Elevated alanine aminotransferase activity is not associated with dyslipidemias, but related to insulin resistance and higher disease grades in non-diabetic non-alcoholic fatty liver disease
Authors: Mohammad Ebrahim Ghamar-Chehreh, Mohsen Amin Hossein Khedmat, Seyed Moayed Alavian, Fatemeh Daraei, Reza Mohtashami, Reza Hadi, Bent-Al-Hoda Beyram, Saeed Taheri
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To explore demographic and metabolic factors associated with increased alanine aminotransferase (ALT) activity in non-diabetic non-alcoholic fatty liver disease (NAFLD) patients.
Overall 372 patients who consecutively attended to Gastroenterology Clinic of Baqiyatallah University of Medical Sciences, Tehran, Iran awere diagnosed as NAFLD entered into analysis. Exclusion criteria were having diabetes mellitus and fasting blood glucose over 126 mg/dL, active hepatitis B virus infection, having hepatitis C virus positive serology, and to be under corticosteroid therapy. ALT levels were considered pathologically high when it was over 30 IU/L for men and over 19 IU/L for women.
Bivariate analyses using t test and chi-square test showed that patients with pathologically augmented ALT levels had significantly higher NAFLD grades in their ultrasonographic evaluations (P=0.003). Moreover, these patients represented significantly higher homeostatic model assessment levels (P=0.003), levels of serum insulin (P=0.002), fasting blood glucose (P<0.001), and uric acid (P=0.02). The prevalence of insulin resistance was also higher in patients with increased serum ALT concentrations. Multifactorial logistic regression models showed that ultrasonographic grading of NAFLD (P=0.027) and insulin resistance (P=0.013) were the only variables significantly associated with abnormal ALT levels.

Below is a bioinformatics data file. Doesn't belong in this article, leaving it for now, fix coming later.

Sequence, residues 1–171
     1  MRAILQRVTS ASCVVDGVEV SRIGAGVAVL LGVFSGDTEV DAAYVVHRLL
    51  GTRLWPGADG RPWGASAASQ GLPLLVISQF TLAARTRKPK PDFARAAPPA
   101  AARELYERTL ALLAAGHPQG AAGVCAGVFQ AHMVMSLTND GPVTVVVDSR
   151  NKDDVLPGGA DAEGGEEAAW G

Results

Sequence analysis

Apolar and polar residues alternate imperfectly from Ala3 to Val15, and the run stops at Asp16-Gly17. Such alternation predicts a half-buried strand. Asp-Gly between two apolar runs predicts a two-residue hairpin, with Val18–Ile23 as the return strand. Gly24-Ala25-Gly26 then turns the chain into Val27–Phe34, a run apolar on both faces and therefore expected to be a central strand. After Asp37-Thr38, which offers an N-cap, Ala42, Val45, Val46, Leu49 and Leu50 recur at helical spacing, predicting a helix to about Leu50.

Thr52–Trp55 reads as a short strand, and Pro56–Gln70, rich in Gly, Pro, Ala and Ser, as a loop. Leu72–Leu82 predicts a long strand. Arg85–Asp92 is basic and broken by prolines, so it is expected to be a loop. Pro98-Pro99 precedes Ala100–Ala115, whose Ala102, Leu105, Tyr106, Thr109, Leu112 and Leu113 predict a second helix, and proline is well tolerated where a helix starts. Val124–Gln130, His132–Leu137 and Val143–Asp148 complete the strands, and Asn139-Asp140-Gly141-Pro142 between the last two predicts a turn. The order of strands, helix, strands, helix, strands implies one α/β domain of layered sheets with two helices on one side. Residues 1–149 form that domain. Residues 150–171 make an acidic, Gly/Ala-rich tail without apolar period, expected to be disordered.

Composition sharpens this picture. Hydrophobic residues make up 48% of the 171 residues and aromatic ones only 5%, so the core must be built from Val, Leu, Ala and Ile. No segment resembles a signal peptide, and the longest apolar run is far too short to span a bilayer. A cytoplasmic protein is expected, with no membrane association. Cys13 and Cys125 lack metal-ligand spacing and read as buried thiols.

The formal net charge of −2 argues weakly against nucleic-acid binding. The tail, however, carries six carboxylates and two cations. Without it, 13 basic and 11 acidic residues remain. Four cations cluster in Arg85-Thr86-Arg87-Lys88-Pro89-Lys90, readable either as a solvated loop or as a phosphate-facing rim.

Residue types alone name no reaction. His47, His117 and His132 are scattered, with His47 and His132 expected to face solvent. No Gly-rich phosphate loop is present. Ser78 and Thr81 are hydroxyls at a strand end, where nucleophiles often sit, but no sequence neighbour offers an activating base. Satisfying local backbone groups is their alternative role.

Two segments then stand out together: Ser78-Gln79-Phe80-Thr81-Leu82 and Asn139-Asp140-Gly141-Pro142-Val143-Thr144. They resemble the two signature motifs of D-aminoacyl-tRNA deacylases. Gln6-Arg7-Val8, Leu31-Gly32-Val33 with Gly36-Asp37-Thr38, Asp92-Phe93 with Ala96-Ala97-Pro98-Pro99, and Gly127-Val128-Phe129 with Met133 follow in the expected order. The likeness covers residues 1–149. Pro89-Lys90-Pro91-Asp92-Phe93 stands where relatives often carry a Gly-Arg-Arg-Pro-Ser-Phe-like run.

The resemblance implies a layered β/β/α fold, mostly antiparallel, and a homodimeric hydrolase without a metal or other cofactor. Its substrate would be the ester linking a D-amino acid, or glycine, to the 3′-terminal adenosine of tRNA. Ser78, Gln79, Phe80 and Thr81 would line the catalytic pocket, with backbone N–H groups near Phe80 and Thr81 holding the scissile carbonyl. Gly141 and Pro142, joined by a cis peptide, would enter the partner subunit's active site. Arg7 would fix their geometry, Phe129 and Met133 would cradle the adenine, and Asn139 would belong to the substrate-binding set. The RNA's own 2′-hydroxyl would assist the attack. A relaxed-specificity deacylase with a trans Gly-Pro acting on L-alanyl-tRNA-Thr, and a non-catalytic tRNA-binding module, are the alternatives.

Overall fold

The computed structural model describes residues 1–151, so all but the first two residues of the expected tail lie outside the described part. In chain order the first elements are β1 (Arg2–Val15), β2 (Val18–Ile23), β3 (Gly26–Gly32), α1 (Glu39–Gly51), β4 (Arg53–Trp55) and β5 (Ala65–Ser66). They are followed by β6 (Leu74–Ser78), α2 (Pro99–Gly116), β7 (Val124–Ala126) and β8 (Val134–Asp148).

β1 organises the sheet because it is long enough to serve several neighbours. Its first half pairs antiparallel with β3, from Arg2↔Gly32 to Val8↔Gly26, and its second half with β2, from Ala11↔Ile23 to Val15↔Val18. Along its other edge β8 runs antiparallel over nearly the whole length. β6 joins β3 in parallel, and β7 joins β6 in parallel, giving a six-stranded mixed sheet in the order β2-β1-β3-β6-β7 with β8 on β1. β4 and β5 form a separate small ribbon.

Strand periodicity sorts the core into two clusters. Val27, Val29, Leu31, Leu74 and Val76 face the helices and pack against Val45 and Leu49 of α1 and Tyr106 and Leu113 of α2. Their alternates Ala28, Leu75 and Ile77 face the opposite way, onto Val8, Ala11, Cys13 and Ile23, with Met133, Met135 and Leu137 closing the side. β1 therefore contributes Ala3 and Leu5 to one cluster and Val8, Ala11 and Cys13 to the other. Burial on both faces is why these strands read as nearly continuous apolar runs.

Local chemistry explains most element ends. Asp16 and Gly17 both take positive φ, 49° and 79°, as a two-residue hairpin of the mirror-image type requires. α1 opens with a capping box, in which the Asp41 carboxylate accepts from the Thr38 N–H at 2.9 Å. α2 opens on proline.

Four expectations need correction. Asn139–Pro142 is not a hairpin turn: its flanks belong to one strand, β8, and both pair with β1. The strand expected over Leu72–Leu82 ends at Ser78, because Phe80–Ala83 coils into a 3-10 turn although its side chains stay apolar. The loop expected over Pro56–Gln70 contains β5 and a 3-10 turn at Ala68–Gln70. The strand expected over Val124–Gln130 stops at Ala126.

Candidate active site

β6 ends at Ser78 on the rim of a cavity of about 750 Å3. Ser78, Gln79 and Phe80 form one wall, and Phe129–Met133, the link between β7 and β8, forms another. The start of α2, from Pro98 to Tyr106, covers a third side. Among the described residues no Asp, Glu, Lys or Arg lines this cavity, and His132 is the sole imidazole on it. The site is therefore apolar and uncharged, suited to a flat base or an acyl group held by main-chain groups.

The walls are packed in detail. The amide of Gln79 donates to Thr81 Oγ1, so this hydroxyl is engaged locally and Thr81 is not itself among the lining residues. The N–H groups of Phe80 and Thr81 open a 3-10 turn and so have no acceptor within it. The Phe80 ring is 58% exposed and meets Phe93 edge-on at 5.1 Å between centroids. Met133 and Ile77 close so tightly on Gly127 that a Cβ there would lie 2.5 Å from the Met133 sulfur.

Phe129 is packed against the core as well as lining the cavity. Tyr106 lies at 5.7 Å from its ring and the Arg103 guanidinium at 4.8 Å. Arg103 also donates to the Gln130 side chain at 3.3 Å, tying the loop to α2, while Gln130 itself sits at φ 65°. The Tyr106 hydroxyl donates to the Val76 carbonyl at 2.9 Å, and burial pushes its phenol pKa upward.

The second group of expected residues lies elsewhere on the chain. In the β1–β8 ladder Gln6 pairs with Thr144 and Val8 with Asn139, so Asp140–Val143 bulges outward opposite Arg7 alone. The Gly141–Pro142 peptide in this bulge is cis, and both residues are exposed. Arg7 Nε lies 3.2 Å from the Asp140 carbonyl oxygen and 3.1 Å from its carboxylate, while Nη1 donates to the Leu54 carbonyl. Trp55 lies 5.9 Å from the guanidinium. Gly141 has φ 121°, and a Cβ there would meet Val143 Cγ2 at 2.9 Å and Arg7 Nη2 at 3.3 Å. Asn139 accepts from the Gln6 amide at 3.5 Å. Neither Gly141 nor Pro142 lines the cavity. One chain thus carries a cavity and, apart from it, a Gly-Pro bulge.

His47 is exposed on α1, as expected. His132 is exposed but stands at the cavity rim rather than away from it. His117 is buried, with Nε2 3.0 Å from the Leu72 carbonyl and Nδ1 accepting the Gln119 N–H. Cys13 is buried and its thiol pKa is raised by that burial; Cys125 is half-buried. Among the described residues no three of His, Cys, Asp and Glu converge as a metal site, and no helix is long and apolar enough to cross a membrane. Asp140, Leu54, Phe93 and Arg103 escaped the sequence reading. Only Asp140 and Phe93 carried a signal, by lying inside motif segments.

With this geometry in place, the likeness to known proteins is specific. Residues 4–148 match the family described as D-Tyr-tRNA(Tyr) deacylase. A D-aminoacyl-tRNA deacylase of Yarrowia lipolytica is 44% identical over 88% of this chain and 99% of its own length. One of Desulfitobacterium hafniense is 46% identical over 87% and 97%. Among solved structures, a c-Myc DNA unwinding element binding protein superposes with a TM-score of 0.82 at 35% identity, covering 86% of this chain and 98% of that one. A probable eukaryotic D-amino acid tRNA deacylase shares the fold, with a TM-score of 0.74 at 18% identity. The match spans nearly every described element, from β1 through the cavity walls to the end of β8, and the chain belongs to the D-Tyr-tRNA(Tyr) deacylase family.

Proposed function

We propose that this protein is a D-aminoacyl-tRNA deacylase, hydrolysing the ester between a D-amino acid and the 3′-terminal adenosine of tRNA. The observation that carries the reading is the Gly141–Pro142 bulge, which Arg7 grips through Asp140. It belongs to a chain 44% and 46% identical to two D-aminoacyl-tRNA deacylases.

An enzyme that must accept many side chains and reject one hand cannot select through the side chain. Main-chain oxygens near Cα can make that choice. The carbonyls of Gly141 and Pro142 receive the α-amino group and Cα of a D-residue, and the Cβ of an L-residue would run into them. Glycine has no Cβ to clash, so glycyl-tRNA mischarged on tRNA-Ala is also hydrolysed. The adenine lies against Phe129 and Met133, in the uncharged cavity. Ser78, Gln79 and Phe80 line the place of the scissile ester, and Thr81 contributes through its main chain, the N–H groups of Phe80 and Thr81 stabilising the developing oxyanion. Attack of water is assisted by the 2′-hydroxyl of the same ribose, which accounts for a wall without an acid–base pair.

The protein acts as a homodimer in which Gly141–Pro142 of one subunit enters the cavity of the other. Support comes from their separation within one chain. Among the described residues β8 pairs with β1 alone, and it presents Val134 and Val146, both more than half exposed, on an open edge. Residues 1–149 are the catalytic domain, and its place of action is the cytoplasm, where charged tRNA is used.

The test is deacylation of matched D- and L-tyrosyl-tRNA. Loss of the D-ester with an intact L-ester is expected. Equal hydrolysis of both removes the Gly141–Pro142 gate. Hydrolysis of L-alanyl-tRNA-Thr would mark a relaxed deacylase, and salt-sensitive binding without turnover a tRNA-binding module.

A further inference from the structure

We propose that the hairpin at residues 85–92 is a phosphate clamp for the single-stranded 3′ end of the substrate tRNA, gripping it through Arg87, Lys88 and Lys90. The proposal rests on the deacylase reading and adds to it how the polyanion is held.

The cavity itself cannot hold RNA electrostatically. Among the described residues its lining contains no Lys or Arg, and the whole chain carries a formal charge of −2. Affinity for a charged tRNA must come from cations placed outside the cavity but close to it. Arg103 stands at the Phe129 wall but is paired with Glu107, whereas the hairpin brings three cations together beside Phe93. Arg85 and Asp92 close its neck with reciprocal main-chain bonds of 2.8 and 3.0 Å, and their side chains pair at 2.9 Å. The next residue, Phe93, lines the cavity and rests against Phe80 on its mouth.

This study shows that the associations of increased ALT serum levels in NAFLD patients are different from what are supposed before. By excluding diabetic patients from our population, we find that increased ALT levels are not associated with dyslipidemias but are independently associated with insulin resistance and NAFLD grading on ultrasonographic evaluations. Further studies are needed to confirm our results.